Many Android phones, like Samsung’s Galaxy S7, have some form of built-in wireless charging. But the only way to charge an iPhone remains through an old-fashioned cord.
But there’s a growing amount of evidence that this will change soon.
Bloomberg reported in January that Apple has been working on a wireless charging technology with partners that would allow its devices to siphon power from “further away from than the charging mats used with current smartphones.”
A Morgan Stanley analyst note from February says the same thing: it expects wireless charging to be added to the iPhone in the next 1-2 years, based on industry experts.
Apple has filed a few patents describing wireless charging, and The Wall Street Journal reported that it was looking into “a new way of charging” back in 2012. Given Apple’s tepid approach to wireless charging so far, it’s unlikely that Apple is working on implementing the same tech that’s currently on the market.
All signs point to one partner: Energous, a publicly traded company that’s firmly in its R&D phase at the moment. It’s come up with a system called WattUp that enables smartphones and other small gadgets to charge from as far as 15 feet away from a wireless transmitter.
Here’s why so many people think Energous’s wireless charging system is going to end up in Apple products:
Energous CEO keeps alluding to a “key strategic partner” that sounds a lot like Apple
In early 2015, Energous said that it had signed a deal with “one of the top five consumer electronics companies in the world.” That narrows the possibility down to only a few companies: Apple, Samsung, Hewlett Packard, Microsoft, and Hitachi.
During a conference call on Thursday, Energous’ relationship with its “key strategic partner” kept coming up.
“The whole relationship and the internal development are really shrouded in secrecy. They’re compartmentalized even within our key strategic partner,” Stephen Rizzone said. “There is an element of secrecy to them and so we really just can’t speak to any component or any specific as it relates to the milestone or development.”
But Rizzone did confirm that Energous continues to hit milestones for its #1 customer. “One path is to actively support our key strategic partner as the adoption process moves to their organisation,” Rizzone said. He believes Energous tech will be in consumer hands “late this year early next year.”
Also key: whoever Energous is working for is going to help shepherd the company through the tricky FCC approval process. Apple’s compliance team shepherds hundreds of products through the FCC.
It’s the only long-range wireless charging technology ready to ship
While Energous isn’t the only startup trying to crack wireless power, it may be the only company that can deliver a working product for production in the next two years.
Essentially, WattUp sends focused signals on the same frequency as Wi-Fi. A chip connected to a small device captures those signals and converts them into power. It’s safe, which is important as it and its partner companies attempt to secure FCC approval.
uBeam, for example, is often considered a close competitor, but its ultrasound technology is firmly in the prototyping stage as physicists and experts question whether its wireless charging is even physically possible.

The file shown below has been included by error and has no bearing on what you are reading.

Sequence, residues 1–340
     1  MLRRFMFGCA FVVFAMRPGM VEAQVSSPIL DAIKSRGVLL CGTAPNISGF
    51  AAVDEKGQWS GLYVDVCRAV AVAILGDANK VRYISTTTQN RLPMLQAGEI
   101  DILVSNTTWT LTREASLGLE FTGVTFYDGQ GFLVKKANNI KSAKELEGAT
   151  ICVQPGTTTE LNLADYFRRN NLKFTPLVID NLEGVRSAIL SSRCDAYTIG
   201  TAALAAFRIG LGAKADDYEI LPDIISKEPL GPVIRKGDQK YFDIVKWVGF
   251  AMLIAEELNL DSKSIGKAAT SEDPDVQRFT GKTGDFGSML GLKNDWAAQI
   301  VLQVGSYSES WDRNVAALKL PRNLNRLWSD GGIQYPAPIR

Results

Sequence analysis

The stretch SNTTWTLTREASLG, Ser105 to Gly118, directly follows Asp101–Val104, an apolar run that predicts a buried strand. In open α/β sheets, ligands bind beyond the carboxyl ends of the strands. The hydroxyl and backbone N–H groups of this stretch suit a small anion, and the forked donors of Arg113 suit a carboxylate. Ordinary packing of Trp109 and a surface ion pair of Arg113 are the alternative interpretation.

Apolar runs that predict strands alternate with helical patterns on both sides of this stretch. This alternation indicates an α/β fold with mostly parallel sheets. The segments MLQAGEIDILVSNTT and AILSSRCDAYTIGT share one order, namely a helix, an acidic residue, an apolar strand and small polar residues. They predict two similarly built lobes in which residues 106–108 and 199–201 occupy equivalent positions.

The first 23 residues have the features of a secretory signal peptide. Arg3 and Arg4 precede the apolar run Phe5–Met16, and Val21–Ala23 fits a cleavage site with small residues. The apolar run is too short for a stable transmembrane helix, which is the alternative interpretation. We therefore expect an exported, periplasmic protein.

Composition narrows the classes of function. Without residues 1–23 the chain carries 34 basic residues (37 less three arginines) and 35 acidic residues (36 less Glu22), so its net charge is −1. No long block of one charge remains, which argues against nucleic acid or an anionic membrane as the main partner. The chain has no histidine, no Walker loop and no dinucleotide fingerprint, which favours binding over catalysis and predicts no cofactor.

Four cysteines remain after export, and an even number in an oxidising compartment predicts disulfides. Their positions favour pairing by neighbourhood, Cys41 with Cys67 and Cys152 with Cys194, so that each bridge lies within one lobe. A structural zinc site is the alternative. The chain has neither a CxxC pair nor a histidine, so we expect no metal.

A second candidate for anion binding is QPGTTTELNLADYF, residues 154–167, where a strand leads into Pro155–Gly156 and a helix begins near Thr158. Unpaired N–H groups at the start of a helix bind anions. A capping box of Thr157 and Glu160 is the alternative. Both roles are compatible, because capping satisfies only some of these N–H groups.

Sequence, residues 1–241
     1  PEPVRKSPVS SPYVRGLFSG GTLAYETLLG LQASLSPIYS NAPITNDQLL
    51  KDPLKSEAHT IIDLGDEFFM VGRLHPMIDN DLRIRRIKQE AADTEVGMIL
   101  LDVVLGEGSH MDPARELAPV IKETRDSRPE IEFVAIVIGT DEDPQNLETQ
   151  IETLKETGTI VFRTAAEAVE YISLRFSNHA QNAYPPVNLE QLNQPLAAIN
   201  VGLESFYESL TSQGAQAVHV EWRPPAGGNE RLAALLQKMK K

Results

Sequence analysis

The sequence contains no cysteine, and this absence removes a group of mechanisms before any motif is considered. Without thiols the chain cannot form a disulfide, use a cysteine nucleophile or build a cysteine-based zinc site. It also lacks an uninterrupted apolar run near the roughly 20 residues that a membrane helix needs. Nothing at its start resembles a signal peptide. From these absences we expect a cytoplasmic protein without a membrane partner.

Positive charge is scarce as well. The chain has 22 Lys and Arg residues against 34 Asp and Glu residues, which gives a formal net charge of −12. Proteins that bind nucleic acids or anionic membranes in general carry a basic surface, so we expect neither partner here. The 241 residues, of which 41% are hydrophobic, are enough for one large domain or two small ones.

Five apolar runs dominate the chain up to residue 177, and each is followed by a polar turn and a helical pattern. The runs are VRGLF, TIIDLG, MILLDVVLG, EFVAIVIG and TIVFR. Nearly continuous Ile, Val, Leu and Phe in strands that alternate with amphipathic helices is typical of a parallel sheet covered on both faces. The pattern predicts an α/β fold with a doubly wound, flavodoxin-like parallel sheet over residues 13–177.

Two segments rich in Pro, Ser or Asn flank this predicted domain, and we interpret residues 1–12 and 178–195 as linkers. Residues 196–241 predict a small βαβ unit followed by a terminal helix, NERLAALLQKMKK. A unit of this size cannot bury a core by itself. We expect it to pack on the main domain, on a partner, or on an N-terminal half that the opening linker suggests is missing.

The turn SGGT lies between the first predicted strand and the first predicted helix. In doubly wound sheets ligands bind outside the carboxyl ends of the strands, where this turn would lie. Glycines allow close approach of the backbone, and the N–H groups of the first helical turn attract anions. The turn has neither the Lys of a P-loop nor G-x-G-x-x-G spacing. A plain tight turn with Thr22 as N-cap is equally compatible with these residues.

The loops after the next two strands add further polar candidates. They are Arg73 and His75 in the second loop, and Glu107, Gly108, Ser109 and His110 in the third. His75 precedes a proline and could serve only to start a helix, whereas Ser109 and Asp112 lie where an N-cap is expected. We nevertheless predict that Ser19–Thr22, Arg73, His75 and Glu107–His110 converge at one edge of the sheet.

Another potential competitor, Witricity, uses technology that is an enhancement of the current magnetic-field based approach used in phones like Samsung’s Galaxy S7, and counts Intel as an investor. However, its approach seems like a much better fit for electric cars or laptops, and not phones. Plus, its range tops out at only a few feet.
Energous has been giving full demos of its technology for the past two years and it appears to work just fine. CEO Stephen Rizzone said that it’s already shipped development kits to partners. According to the company, its wireless charging system is about 70% efficient already and still improving.
Apple and Energous are on the same standards group for designing wireless charging tests
Disruptive Tech Research analyst Louis Basenese said in a research note that a compliance manager at Apple, Michael O’Dwyer, is on a standards committee to develop standard ways to “test wireless power transfer products.”
As Basenese says, it’s unlikely that Apple would be on such a committee unless it saw a scenario in which it would have to test a wireless charging product it makes. And guess who else is on that committee? Energous’ director of regulatory compliance.
Additionally, an analysis of LinkedIn profiles finds multiple engineers who have moved from battery development at Apple to roles at Energous — one of whom wrote that she “specialised in major accounts.”
If Energous is Apple’s wireless charging partner, it just gave a few major hints about when you can expect the technology to hit the market. It’s sticking to its “late 2016” timeline for its technology to make it into consumer products, but it’s the “mid-size and the full sized transmitters” that its key strategic partner is interested in.
The “mini” transmitter is geared towards wearables and other smaller devices, according to Rizzone.
“They are more complex, they are going to take longer to both integrate into the products of our key strategic partners,” Rizzone explained.
So while the evidence is stacking up that Apple may be working on wireless charging technology, it probably won’t be ready in time for the iPhone 7 that’s expected to come out late this year.
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